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  • 1
    Publication Date: 2019-09-23
    Description: Oceanic oxygen decline due to anthropogenic climate change is a matter of growing concern. A quantitative oxygen proxy is highly desirable in order to identify and monitor recent dynamics as well as to reconstruct pre-Anthropocene changes in amplitude and extension of oxygen depletion. Geochemical proxies like foraminiferal I/Ca ratios seem to be promising redox proxies. Nevertheless, recent studies on microanalyses of benthic foraminiferal I/Ca ratios at the Peruvian oxygen minimum zone (OMZ) measured with secondary-ion mass spectrometry (SIMS) revealed a possible association of iodine with organic accumulations within the test. Here, we present a new study on the micro-distribution of nitrogen, sulfur, and iodine within the test walls of Uvigerina striata from the Peruvian OMZ measured with Nano-SIMS. A quantification of the foraminiferal I/Ca ratios from our NanoSIMS study is in good agreement with quantitative results from a previous SIMS study. Additionally, we compared uncleaned specimens with specimens that have been treated with an oxidative cleaning procedure. Both nitrogen and sulfur, which are used as tracer for organic matter, show a patchy distribution within the test walls of the uncleaned specimens and a statistically significant correlation with the iodine distribution. This patchy organic-rich phase has a different geochemical signature than the pristine calcitic parts of the test and another phase that shows a banding-like structure and that is characterized by a strong sulfur enrichment. All three elements, sulfur, nitrogen, and iodine, are strongly depleted in the cleaned specimens, even within the massive parts of the test walls that lack the connection with the test pores. These results indicate that the organic parts of the test walls are located inside a microporous framework within the foraminiferal calcite. This has to be considered in the interpretation of geochemical proxies on foraminiferal calcite, especially for microanalytical methods, since the chemical signature of these organic parts likely alters some element-to-calcium ratios within the foraminiferal test.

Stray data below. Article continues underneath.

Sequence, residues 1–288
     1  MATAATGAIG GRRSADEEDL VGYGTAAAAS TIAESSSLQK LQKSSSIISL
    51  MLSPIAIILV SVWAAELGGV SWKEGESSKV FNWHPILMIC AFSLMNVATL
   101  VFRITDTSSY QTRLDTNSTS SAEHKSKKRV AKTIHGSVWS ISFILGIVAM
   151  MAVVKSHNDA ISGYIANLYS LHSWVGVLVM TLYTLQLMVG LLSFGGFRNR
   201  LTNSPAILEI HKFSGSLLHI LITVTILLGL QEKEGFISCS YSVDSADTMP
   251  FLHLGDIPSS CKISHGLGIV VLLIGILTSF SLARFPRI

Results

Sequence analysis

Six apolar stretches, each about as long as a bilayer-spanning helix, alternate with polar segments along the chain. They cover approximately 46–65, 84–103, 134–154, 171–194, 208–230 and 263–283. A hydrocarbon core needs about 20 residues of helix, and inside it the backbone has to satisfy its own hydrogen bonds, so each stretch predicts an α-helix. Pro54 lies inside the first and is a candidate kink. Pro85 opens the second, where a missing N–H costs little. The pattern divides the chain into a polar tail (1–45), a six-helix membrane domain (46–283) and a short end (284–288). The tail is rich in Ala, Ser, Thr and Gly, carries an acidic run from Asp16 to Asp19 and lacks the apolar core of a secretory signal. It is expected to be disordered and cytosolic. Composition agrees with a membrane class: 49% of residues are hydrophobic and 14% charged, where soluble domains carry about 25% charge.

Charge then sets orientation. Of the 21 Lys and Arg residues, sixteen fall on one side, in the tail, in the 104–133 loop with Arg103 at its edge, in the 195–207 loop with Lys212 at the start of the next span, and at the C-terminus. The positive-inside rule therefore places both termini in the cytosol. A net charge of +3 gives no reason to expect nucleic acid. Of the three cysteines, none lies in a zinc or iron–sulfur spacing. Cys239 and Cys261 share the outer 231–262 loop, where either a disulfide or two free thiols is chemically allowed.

Type: Article , PeerReviewed
    Format: text
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